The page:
As some of you are well aware, I'm obsessed with Cold War-era culture. While re-reading one of my favorite pieces of non-fiction, Kenneth Rose's One Nation Underground: the Fallout Shelter in American Culture, I did the grad student thing and followed up on a footnote. It led me to an equally interesting article about the social and cultural history of Cold War-era civil defense indoctrination in schools by historian JoAnne Brown: "A is for Atom, B is for Bomb: Civil Defense in American Public Education, 1948-1963" (jstor access required). The entire article is fascinating (if you're me) but one part just floored me. It says everything you need to know about the time period – and probably goes a long way toward explaining baby boomers.
Many large public school districts (including New York and San Francisco) implemented a plan to issue metal dog tags to all school children. The stated purpose was something about helping to identify lost children, although everyone over the age of four understood that their real purpose was for the identification of bomb-charred corpses. I'm sure that militarizing the act of being in school, not to mention indoctrinating little kids to expect death to rain down from the skies at any moment, had some relatively profound psychological effects on the kiddies. But it could have been worse. Here's another plan proposed by the Deputy Superintendent of Milwaukee Public Schools in 1951:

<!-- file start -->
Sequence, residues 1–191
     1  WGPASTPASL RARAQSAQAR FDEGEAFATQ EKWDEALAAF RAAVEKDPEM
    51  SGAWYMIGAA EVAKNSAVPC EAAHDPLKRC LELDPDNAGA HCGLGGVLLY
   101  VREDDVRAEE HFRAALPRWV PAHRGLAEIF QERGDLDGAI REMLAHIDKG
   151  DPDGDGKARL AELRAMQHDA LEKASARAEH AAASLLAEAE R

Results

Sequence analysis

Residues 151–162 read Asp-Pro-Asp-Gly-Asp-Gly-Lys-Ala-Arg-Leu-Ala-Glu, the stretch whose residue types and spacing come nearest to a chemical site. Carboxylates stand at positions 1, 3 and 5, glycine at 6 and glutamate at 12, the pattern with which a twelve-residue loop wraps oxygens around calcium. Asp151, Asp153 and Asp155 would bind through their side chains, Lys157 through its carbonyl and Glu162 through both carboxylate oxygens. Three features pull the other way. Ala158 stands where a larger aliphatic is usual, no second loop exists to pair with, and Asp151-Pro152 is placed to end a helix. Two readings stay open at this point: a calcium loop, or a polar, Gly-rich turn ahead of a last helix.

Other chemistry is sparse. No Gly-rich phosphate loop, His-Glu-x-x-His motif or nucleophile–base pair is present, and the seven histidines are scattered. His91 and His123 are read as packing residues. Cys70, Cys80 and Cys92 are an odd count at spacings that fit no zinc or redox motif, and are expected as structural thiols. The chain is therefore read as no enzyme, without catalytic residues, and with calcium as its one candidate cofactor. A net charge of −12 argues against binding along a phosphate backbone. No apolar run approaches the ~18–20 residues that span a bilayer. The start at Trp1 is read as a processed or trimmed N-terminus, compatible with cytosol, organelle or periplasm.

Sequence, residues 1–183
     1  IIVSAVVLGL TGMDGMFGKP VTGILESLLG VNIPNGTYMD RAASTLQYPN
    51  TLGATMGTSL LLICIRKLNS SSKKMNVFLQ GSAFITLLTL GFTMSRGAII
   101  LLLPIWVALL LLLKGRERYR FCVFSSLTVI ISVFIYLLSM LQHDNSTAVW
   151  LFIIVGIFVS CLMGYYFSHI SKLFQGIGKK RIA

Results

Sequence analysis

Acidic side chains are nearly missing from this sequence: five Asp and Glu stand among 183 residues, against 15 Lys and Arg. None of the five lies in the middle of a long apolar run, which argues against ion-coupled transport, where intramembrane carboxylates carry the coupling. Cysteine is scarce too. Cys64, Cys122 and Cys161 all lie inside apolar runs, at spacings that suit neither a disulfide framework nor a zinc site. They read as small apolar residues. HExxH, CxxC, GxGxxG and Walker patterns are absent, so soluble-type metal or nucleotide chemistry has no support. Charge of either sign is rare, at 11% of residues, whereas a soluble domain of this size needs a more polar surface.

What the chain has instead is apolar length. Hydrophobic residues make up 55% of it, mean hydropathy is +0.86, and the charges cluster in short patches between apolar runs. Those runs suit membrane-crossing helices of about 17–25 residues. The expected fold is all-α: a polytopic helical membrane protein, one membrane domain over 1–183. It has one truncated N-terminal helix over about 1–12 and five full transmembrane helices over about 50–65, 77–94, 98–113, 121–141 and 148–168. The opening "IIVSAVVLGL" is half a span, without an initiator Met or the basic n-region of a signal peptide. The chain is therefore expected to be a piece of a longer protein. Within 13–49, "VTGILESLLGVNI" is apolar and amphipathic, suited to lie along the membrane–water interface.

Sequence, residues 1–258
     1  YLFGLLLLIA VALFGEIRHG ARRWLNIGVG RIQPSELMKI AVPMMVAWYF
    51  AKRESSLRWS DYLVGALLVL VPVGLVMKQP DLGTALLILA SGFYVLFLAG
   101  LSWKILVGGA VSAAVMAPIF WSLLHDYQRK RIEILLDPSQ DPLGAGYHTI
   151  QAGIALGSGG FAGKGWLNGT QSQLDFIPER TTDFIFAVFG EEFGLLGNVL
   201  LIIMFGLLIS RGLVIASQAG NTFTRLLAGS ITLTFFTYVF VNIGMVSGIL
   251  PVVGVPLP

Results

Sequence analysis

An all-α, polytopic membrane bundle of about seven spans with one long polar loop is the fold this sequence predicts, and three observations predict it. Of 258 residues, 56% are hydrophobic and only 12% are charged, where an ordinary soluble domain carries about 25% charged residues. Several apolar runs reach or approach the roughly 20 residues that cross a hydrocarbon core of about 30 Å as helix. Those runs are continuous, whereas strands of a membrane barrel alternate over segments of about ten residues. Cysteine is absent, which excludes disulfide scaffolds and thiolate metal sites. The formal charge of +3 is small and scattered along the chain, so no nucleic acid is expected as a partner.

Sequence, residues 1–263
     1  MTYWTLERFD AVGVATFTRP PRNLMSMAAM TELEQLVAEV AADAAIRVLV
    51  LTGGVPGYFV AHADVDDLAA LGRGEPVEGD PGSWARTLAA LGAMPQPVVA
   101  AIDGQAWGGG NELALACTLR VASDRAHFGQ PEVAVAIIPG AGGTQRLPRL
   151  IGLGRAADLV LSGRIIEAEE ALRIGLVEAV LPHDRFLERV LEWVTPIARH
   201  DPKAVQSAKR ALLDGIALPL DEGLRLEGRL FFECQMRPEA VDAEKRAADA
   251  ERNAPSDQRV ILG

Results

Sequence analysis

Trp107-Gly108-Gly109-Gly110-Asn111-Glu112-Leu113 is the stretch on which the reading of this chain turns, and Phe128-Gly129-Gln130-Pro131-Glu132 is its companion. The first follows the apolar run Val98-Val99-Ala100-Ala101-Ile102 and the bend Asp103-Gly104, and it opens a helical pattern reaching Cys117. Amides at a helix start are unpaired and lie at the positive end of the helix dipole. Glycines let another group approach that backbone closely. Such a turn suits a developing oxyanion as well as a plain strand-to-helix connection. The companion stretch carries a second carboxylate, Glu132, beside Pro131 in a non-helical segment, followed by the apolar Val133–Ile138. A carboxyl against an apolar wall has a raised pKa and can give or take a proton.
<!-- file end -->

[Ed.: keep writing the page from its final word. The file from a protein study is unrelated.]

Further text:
Tattooing is considered occasionally, but generally rejected because of its 'associations' and impermanence in case of severe burns.
What a snapshot of 1950s America: a bunch of white guys sitting around talking about tattooing five year-olds….and rejecting it not because it's unfathomably fucked up but because tattoos are unreadable on scorched corpses. Oh, and those "associations" with the Holocaust. Which had wrapped up only 6 years before this quote. But let's assume they would have overcome that minor obstacle had they devised a tattoo ink that withstands a 5,000 degree fireball and a hundred lifetimes worth of gamma rays in 3/10ths of a second.
It stuns me, not having lived through the period, how matter-of-factly people managed to talk about nuclear war as though it were A) imminent B) unavoidable and C) survivable. They talk about ID-ing all the dead kids with about as much emotion as field trip permission slips and new math textbooks.
I strongly recommend Rose's book if you're even remotely into social criticism. While the topic might not seem like it, this is a book anyone could enjoy. If you do have a specific interest in Cold War culture, I also recommend Tom Vanderbilt's Survival City: Adventures in Atomic America (an architectural critic's look at the crumbling ruins of buildings and structures purpose-built for World War Three) or Andrew Grossman's Neither Dead nor Red. And of course you can't overlook culturally-revealing staples of fiction like On the Beach, A Canticle for Liebowitz (in my all-time top three favorite books ever), or Alas, Babylon.